My childhood copy of Raggedy Ann in the Snow White Castle by Johnny Gruelle, 1946 by the Johnny Gruelle Company
Finding inspiration sometimes seems like an allusive process. I find inspiration from looking at books, attending art exhibits, visiting flea markets. I especially love books of patterns such as 1000 Patterns: Design Through the Centuries by Drusilla Cole and find ideas for both 2 and 3 dimensional work from historical patterns. I also have a passion for children's books. Vintage children's books, such as those by Johnny Gruelle, have enchanting illustrations. Sometimes I just leaf through books, then close them and get out a sketchbook.
I love going to art, natural history, and science museums . When I go to museums, I take a sketchbook and make quick sketches of details, textures, and shapes that I am especially intrigued by. Visiting galleries is also a wonderful way to see what other artists are doing.
Philbrook Museum, Tulsa, Oklahoma
Miro Museum, Barcelona, Spain
Flea markets are a favorite pastime of mine. I take a camera and ask vendors if I can photograph their booths. They are usually very accommodating. If I come home without any treasures, but have gotten some inspiring photo shots, it is still a successful trip.
Brimfield - many colors of buckets
Brimfield - African-artifacts
Brimfield - textiles booth
Brimfield - prom dress
Sometimes I just open my sketchbook and start doodling. I may have an idea in my head as a beginning point - such as "poodle". I try not to think too much, but just draw. These doodles may turn into the starting point for a piece.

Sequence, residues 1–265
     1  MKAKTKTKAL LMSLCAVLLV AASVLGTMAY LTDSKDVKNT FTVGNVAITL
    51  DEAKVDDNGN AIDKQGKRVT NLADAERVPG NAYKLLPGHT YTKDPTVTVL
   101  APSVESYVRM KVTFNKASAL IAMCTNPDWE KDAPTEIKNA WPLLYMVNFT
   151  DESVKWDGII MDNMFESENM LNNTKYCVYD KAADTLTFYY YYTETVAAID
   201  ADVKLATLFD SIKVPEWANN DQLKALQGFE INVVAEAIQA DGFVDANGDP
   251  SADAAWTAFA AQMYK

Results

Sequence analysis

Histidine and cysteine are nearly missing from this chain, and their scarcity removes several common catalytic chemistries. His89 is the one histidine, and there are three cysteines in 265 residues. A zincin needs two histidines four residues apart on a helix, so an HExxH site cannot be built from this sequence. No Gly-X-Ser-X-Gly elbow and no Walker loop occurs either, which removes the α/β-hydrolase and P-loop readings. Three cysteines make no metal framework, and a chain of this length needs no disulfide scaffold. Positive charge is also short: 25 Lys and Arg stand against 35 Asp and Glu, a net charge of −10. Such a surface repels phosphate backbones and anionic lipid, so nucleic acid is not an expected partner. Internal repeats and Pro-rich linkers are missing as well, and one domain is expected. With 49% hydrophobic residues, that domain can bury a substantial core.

I also like to participate in Illustration Friday when I get the chance. It's a fun challenge to try to develop an illustration to match the weekly theme. The resulting drawings can give me ideas for new work in a different medium, and I enjoy visiting other artist's blogs to see their illustrations, too.
There are two blogs that I always find inspirational: "Art for Housewives" and "Ullabenulla".
In the most recent post from Art for Housewives, the author talks about an interactive project at the Victoria and Albert Museum in London. The public is invited to send in photos of pockets they have created. The photos along with information and name of the artist are included in the museum's database for pockets.
Ullabenulla shows photos of her work and the work of other artists along with updating what is going on in her studio including classes. In Ullabenulla's latest post, she shows a series of endearing miniature kitchenware made of acorns.
You can find inspiration in the most unexpected places: even a hotel bathroom or staircase.
Paris hotel - bath
Paris hotel - staircase